Scientific American Supplement, No. 1178, June 25, 1898 eBook

This eBook from the Gutenberg Project consists of approximately 119 pages of information about Scientific American Supplement, No. 1178, June 25, 1898.
fat-tailed ram, from the steppes on the lower Volga.  From this region come also the large-boned, fat-rumped sheep, which have a large mass of fat on each side of the stunted tail.  In the illustration this peculiarity does not show well, on account of the thick winter wool.  Their color is red, with dirty white.  When Wissman and Bumiller returned from their last expedition, they brought a fine ram of a different breed of fat-rumped sheep, which are raised by the Kirghise, on the Altai Mountains.  They are smaller than those from the steppes of the Volga, but have finer wool, and evidently belong to a finer breed.  As mutton tallow is very useful, and has been used even from the most ancient times by sheep raisers in the preparation of food, they prize sheep with these masses of fat on the tail and rump, which were purposely developed to the greatest possible degree.

[Illustration:  Fat-tailed sheep (four-horned ram).]

[Illustration:  Fat-rumped sheep.]

The steinbock and the chamois, which live in the highest mountains, are still found, but other breeds, such as the argalis, which inhabited the foot hills and the high table lands, have disappeared, as Europe has become more thickly populated.  We know that they formerly lived there, by the fossil remains of the oldest Pliocene in England (Ovis Savinii Newton), of the caves of bones near Stramberg in Moravia (Ovis argaloides Nehring), and of the diluvial strata near Puy-de-Dome Mountain in the south of France (Ovis antiqua Pommerol).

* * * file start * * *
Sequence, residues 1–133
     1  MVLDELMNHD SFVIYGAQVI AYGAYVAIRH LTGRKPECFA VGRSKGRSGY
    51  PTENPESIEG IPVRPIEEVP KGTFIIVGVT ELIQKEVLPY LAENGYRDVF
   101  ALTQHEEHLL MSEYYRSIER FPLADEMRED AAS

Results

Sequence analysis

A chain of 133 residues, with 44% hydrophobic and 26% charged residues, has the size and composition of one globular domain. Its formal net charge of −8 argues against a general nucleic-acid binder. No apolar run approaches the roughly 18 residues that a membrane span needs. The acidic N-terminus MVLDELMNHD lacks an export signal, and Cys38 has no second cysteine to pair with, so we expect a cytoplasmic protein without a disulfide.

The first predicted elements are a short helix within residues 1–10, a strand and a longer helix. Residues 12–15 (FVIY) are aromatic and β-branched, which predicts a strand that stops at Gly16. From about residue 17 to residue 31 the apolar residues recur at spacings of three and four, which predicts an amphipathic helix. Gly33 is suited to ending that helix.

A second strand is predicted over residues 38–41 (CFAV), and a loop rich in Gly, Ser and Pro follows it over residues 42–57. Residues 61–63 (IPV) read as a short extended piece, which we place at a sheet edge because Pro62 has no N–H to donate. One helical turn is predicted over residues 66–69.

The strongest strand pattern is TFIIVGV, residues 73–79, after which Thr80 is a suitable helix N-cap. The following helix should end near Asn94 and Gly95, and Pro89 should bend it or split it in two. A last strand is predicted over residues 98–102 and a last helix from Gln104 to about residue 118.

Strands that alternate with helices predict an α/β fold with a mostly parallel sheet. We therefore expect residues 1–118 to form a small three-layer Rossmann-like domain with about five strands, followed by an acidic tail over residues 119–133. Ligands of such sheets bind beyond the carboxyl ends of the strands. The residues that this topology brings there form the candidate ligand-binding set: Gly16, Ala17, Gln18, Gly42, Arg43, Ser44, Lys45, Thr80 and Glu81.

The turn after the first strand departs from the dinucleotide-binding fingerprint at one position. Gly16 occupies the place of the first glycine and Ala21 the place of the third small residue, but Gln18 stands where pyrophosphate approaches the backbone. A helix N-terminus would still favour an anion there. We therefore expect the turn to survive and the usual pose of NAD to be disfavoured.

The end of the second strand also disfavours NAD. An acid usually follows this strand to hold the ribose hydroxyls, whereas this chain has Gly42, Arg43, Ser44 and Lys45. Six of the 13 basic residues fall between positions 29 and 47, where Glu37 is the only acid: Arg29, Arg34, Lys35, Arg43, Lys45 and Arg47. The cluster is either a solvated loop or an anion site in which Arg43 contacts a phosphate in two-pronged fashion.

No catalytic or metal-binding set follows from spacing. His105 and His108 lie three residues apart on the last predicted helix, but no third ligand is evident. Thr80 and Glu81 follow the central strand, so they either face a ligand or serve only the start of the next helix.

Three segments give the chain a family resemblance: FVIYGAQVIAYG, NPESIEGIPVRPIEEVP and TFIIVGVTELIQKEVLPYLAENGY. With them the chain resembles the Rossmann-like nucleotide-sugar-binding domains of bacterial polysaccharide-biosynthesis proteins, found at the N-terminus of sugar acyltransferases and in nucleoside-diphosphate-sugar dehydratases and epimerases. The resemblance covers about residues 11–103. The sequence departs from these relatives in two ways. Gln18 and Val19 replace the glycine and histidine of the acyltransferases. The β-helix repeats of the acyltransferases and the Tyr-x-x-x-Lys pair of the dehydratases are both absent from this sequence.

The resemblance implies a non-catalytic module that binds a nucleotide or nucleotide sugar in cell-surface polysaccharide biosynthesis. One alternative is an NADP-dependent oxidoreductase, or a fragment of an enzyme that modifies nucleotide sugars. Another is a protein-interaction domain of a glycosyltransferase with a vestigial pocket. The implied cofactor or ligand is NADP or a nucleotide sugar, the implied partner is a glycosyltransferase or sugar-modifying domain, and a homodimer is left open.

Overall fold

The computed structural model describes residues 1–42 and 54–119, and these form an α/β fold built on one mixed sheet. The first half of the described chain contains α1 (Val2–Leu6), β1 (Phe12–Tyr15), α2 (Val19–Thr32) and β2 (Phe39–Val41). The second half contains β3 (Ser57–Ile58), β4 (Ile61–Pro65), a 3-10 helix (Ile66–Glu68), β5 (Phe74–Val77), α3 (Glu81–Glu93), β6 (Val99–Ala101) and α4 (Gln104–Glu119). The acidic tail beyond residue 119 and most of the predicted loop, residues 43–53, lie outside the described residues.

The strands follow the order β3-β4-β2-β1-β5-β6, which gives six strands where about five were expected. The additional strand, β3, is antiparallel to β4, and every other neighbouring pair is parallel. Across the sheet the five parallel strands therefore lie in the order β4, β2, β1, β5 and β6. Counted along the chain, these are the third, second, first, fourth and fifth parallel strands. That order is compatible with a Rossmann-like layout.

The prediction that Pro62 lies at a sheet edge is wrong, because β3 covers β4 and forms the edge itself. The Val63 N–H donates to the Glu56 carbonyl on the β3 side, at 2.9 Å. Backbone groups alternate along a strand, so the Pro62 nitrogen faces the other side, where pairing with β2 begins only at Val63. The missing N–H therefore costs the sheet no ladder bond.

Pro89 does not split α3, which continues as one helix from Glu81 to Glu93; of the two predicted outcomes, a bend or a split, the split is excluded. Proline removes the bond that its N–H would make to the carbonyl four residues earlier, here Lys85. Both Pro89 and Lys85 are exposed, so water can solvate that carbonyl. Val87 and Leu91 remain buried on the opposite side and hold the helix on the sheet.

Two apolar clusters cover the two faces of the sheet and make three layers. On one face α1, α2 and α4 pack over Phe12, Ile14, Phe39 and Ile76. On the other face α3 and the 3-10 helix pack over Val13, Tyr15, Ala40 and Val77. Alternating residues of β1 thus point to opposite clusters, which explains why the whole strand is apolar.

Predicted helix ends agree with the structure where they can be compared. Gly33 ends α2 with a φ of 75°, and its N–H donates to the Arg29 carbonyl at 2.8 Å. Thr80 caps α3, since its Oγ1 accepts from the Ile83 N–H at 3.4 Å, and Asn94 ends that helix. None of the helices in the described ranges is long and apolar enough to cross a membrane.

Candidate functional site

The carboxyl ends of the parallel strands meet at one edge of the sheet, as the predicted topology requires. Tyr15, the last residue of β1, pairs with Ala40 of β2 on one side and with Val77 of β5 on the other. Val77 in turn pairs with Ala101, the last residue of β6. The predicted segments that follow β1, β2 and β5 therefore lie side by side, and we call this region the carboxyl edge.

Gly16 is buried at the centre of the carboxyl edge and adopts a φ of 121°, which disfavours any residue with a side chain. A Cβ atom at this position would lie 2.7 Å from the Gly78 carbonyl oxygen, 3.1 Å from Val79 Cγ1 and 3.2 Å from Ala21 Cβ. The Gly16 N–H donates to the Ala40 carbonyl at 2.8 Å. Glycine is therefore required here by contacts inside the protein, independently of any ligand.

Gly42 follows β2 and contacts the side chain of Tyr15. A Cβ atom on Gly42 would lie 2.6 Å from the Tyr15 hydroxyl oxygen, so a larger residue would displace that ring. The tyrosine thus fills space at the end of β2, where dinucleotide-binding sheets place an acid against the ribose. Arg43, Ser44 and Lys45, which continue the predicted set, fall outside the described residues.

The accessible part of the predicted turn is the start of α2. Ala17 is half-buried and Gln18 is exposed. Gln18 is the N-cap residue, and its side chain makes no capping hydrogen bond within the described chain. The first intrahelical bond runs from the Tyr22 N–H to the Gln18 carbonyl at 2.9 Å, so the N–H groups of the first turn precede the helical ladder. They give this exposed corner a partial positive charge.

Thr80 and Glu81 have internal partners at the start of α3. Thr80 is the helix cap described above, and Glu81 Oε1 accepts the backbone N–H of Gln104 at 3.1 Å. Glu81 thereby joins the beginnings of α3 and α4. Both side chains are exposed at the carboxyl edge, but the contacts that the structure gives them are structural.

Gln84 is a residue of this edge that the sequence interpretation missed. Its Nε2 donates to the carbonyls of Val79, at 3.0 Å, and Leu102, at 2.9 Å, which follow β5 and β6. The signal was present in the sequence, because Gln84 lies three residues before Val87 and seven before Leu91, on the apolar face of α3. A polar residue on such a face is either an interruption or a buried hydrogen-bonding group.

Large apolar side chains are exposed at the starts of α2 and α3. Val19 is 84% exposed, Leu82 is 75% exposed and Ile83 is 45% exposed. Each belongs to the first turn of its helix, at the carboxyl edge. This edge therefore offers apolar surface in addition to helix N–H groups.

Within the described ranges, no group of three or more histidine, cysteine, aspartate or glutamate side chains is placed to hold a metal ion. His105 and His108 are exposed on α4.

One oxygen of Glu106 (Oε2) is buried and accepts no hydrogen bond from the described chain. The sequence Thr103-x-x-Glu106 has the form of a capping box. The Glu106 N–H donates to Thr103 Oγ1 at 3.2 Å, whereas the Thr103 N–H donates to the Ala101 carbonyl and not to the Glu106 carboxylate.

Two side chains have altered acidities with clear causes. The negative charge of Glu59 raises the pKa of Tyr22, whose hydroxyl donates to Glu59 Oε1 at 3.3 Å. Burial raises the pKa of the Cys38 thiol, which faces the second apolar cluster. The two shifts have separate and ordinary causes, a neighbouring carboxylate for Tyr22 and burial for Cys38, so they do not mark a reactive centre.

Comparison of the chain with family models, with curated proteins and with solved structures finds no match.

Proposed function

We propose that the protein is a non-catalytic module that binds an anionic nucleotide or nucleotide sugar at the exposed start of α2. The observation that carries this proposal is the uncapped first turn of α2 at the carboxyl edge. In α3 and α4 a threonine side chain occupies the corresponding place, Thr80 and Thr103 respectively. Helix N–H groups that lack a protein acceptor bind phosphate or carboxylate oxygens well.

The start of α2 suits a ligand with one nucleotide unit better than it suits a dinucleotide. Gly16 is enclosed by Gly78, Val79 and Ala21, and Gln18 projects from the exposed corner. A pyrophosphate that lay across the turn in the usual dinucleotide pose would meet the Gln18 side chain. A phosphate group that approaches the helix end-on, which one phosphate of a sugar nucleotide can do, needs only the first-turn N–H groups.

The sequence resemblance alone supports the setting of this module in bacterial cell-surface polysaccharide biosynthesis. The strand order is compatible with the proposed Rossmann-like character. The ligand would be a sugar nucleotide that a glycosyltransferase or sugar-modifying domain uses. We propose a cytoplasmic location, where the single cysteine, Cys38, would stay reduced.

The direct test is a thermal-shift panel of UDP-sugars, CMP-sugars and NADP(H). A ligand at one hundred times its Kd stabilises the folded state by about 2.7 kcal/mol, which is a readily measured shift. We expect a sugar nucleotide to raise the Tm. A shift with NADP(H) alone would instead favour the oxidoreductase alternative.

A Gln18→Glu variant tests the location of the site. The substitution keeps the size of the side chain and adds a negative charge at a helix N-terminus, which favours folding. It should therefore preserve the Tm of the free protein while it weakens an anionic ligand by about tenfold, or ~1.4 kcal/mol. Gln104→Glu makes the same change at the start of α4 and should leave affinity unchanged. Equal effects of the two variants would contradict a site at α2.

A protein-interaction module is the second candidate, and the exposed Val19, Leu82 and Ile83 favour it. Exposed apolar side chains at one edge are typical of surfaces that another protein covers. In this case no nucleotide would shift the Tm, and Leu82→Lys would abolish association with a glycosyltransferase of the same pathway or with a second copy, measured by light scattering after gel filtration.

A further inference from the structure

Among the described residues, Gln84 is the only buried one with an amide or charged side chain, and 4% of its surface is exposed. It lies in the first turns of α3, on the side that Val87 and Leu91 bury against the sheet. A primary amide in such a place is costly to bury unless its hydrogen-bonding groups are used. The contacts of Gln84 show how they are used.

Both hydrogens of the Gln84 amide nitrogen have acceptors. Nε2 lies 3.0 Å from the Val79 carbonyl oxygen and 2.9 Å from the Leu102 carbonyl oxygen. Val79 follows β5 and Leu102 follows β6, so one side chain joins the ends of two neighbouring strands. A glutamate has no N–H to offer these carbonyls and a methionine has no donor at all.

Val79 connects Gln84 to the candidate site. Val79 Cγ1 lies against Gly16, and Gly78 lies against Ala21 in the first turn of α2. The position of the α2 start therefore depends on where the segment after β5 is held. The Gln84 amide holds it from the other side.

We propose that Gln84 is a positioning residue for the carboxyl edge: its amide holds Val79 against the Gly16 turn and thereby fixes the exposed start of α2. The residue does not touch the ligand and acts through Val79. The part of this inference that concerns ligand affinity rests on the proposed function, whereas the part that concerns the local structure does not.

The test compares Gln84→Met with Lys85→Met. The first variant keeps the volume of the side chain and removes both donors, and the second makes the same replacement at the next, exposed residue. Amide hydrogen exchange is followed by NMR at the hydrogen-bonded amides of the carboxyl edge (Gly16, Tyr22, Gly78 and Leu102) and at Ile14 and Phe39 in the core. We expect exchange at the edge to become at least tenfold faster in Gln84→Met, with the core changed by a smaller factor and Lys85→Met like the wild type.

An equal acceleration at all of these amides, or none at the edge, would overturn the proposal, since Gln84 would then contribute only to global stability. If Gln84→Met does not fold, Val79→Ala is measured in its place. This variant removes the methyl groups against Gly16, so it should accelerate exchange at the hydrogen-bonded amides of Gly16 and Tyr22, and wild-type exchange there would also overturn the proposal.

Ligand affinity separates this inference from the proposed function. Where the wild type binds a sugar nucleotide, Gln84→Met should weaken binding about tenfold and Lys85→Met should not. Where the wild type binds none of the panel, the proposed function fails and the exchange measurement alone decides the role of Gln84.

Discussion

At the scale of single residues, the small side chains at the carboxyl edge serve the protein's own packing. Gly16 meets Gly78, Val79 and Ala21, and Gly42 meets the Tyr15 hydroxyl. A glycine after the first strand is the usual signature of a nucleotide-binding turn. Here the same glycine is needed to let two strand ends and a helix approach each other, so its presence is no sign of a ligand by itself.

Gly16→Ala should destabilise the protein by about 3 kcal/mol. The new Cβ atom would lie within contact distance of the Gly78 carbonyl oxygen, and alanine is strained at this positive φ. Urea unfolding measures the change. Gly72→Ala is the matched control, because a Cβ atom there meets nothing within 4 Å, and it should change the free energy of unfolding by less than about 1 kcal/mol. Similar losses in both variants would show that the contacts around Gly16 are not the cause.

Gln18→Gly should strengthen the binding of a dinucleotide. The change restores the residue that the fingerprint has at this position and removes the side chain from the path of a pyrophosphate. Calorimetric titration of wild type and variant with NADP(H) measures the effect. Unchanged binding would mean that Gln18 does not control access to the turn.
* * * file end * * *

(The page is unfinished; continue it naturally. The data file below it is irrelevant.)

For the above and the accompanying illustrations we are indebted to

* * * * *

[Continued from supplement, No. 1172, page 18756.]


    [Footnote 1:  To be presented at the Niagara Falls meeting (June,
    1898) of the American Society of Mechanical Engineers, and
    forming part of Vol. six of the Transactions.]

By James W. See, Hamilton, Ohio, Member of the Society.


An invention, to be patented, must be applied for by the actual inventor, and in the absence of acts constituting a transfer, the patent, and all legal ownership in it, and all rights under it, go exclusively to the inventor.  In the absence of express or implied contract, a mere employer of the inventor has no rights under the patent.  Only contracts or assignments give to the employer, or to anyone else, a license or a partial or entire ownership in the patent.  The equity of this may be appreciated by examples.  A journeyman carpenter invents an improvement in chronometer escapements and patents it.  The man who owns the carpenter shop has no shadow of claim on or under this patent.  Again, the carpenter invents and patents an improvement in

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Scientific American Supplement, No. 1178, June 25, 1898 from Project Gutenberg. Public domain.
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